“No, I’ll be sure to bring it,” I said. And then the man from Hollywood hung up. I’d made the first cut. I was going to be pulling down $1,500 for 15 days of work as Hollywood’s first nude skiing star. Now all I had to do was put together a few turns — dazzle them a little with my stuff — and I’d be a star for sure.

When I got to the ski area, the movie people were there in a big van. They had a snowcat and they were transporting the would-be actors and actresses up the hill.

“What we’d like to do,” one of the people who seemed to know what he was doing told me, “is go up in the next load and we’ll do a test.”

“Okay,” I said. I was nervous, so I decided, if I just acted like I knew what I was doing, I’d probably be a lot better off.

There were five of us in the back of the snowcat as we went up the back way to the usually un-skied, backside of Solitude’s new Inspiration Lift: Three men and two ladies. The men were skiing naked on one part of the mountain and the ladies were skiing naked on another part of the mountain.

“I don’t think they should separate us. It’s sexist and inherently evil,” a Park West ski instructor said.

“That’s the first time I’ve heard the argument put quite like that,” said Dana, a lady from Connecticut.

I knew one of the other two guys from school. He’d been a member of the ski team — at least he’d worked out with them for a while — and now he was turning professional.

“I’m doing this for the money,” he told me later in the warming hut when they asked us to strip. “How about you?”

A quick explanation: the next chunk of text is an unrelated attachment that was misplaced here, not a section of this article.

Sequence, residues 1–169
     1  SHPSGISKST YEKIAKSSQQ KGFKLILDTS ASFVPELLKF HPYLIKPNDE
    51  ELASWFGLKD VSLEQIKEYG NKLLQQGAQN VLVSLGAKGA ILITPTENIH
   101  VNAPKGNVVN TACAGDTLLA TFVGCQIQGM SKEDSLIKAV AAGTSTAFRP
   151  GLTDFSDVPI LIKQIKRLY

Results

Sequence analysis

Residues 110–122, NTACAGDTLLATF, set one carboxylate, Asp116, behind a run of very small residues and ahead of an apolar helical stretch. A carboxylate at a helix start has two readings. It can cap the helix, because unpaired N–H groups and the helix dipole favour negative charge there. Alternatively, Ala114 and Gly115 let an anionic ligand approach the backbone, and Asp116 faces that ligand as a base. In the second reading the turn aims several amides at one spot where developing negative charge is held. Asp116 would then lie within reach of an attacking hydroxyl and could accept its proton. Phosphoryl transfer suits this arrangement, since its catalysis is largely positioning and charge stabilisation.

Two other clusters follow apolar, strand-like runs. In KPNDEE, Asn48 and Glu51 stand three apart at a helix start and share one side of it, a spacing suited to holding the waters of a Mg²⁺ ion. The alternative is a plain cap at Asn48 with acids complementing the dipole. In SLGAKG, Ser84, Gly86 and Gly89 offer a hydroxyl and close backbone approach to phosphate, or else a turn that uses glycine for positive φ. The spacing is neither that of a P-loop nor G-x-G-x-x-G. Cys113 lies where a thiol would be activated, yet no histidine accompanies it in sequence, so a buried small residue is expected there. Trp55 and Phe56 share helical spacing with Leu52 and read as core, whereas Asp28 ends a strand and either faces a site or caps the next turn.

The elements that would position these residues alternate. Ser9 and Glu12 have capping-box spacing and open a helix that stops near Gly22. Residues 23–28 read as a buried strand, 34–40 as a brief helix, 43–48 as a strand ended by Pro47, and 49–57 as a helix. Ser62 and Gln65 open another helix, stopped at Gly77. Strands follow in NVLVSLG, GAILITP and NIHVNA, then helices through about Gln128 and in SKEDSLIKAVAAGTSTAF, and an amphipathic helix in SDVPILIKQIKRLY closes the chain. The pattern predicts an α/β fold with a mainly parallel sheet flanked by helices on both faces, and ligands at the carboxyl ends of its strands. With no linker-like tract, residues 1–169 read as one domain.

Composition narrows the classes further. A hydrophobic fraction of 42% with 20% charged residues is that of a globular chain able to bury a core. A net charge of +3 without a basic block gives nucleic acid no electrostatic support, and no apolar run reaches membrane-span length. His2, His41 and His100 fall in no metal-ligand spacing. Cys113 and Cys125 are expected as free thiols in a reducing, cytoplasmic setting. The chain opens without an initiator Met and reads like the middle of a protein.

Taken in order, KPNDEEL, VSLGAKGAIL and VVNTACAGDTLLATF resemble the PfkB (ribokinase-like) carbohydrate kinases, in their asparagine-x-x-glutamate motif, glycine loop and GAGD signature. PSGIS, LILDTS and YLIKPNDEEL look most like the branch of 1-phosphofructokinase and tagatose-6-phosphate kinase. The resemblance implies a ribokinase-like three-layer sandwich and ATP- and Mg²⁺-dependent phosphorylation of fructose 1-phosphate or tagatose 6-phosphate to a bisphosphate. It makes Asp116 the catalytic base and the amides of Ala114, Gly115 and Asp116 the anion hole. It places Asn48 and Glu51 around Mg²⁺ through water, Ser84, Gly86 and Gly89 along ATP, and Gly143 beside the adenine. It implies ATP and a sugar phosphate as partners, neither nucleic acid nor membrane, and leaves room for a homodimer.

“I want to be a star,” I said. “The way I see it, this is the break I’ve been looking for. After this, it’s going to be gravy. Bob Redford is going to have to move over. Utah won’t be big enough for the both of us.”

The ski racer looked at me as if he’d just been told that I had recently escaped from the state mental hospital.

We finished putting on our ski boots, put on heavy robes and slid over to the top of a steep mogully run where the movie people had set up a camera to the side. We were supposed to put on our skis and then simply snake down the run past the camera, smiling like Stein as we slid by.

“That’s all?” the ski racer asked.

“That’s all,” the director smiled.

The racer pulled off his robe and smoked down through the bumps past the camera, hootin’ and hollerin’, as he went, his naked body starting to turn a bright pink color. Then, at the end of the run, the racer hit a sharp bump and pushed himself off into the sky, executing a perfect spread eagle.

“I don’t think so,” I heard the director tell his assistant who was taking notes. “No, I don’t think he’s right.”

Next, the other fellow went down the run, smiling and skiing beautifully, stopping at the bottom in a cloud of snow as he sharply hit his edges. Then someone ran out of the portable warming hut at the bottom of the run and quickly put a robe around him.

“No,” the director said, “not quite right.”

“You’re next,” one of the assistants told me. I took off my robe and got ready. I was pretty nervous. The other two skiers had skied pitch perfectly and I had heard the director pan them both. Hollywood success was a mystery to me.

“Excuse me,” the director said. “That won’t do.”

“What?” I said.

“You’ll have to take off your shorts.”

“How stupid of me. I’m sorry,” I said.

After I’d stripped my shorts and was about to ski, I saw the director look at his assistant and slowly shake his head.

Not only was I on a ski run I had no business trying to ski, but the director had already panned my first screen test.